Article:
No, not at all.  There's plenty of experts in the matter who speak Russian and have long experience watching both the Soviet and Russian programs.  Not to mention we're not talking about one-off publicity statements, we're talking official statements of intent made by persons in a place to make said statements and and ongoing repetitions of such statements over a period a time.  We're also talking mockups and prototype hardware being built, and then the program silently vanishing.  We're also talking partially built hardware languishing for years at a time.  We're also talking Russian authorities in active negotiations with Western authorities.  Etc... etc... etc...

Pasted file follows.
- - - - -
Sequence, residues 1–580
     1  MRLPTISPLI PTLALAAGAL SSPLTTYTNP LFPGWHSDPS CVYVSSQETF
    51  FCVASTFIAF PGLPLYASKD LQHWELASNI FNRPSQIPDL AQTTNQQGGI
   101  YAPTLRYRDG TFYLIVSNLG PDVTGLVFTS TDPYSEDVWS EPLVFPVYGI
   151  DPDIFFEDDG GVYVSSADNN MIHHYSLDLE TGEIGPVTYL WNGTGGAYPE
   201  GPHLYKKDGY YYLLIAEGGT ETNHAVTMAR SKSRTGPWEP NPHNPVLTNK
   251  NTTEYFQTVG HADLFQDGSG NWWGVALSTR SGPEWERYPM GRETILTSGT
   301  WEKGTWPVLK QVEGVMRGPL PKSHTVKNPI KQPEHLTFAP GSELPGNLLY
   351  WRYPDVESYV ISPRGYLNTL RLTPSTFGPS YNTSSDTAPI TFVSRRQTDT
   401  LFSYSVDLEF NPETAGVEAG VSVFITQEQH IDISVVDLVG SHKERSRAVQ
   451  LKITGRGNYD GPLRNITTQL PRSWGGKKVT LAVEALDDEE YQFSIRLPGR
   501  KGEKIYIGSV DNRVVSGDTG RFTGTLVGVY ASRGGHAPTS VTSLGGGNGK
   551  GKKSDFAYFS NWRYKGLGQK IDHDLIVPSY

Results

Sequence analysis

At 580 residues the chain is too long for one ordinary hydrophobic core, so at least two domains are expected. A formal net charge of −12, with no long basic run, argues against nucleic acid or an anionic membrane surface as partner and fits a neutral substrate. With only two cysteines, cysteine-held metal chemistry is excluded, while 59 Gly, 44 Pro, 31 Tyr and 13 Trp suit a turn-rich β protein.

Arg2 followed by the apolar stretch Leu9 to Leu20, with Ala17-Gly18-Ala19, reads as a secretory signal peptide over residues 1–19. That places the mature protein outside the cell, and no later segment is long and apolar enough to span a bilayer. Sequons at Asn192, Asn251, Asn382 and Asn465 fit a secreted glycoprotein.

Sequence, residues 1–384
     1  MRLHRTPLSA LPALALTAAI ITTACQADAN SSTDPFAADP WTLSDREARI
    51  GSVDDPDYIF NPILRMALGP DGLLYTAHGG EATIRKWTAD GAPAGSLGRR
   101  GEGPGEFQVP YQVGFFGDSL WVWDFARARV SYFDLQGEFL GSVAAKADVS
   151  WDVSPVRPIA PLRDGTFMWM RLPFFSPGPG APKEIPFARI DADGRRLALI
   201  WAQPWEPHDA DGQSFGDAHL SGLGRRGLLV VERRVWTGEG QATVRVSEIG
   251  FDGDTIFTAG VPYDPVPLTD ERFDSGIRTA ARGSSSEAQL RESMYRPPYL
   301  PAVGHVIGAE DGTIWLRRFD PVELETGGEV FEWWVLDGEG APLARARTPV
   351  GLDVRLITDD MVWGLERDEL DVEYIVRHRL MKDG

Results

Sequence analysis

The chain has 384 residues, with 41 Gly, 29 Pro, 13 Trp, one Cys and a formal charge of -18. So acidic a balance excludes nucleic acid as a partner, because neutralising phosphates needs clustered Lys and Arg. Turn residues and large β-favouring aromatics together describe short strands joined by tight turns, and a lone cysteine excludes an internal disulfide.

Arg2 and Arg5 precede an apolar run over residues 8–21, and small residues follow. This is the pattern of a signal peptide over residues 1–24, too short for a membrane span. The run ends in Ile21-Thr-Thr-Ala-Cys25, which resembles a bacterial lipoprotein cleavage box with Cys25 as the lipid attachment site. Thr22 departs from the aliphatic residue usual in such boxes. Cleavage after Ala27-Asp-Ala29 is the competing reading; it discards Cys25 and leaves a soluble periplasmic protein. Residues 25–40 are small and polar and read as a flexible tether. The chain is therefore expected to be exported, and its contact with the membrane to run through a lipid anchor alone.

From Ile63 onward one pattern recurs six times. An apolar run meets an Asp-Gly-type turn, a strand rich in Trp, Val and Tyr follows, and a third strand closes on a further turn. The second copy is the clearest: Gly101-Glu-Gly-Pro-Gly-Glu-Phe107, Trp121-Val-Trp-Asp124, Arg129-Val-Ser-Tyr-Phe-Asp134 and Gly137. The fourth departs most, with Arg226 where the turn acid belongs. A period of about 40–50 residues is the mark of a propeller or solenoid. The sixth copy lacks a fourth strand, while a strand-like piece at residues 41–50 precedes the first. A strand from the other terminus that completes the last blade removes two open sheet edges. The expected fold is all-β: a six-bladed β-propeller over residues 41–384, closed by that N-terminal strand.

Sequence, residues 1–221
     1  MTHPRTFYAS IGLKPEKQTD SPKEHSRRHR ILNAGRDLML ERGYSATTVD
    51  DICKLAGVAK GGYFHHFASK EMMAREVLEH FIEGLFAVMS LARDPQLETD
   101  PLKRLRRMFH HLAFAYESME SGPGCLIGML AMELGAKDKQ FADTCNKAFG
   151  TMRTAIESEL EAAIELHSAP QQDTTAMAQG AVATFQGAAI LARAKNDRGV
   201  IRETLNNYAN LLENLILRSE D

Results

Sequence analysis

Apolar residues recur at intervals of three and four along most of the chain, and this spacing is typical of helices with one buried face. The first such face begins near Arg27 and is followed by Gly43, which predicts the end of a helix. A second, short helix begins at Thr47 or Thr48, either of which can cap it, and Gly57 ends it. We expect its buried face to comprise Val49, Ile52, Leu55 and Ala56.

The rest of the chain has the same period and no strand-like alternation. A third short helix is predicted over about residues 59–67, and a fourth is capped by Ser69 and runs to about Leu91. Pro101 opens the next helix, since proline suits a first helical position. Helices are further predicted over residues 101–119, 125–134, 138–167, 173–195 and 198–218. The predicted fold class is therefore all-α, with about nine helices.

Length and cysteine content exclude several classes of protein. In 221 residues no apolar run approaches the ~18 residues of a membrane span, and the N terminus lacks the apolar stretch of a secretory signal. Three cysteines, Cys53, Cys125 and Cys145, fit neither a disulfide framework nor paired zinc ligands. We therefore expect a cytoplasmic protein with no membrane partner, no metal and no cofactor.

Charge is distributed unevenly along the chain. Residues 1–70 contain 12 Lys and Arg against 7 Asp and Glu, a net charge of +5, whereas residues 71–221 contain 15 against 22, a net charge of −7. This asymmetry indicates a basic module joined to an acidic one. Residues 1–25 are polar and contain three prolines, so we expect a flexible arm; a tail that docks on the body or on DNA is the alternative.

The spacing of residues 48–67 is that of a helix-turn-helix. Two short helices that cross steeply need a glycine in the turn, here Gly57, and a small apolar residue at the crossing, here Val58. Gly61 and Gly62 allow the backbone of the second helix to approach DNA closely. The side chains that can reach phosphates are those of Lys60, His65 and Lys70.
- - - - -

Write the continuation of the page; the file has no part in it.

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46 minutes ago, Nightside said:

All tests and no flights make RS25 a dull boy.

Wow....thats a hydrogen leak out the top of the powerhead ??

NSF guys think its close to the high pressure fuel turbopump.

They let it go for many seconds (30s?) before shutting down.

Strange the engine controller didn't pick up the problem on its telemetry.

https://twitter.com/nextspaceflight/status/1072966252170305536/video/1

Quote

An RS-25 engine just had a significant anomaly during a test fire at @NASAStennis. The test was aborted just seconds in.

 

Edited by RedKraken
HPFT leak?

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1 hour ago, Nightside said:

All tests and no flights make RS25 a dull boy.

Will we be looking at accidental holes and bent sensor pins by 2020?

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Apparently it was test stand plumbing that caused the leak, not the engine.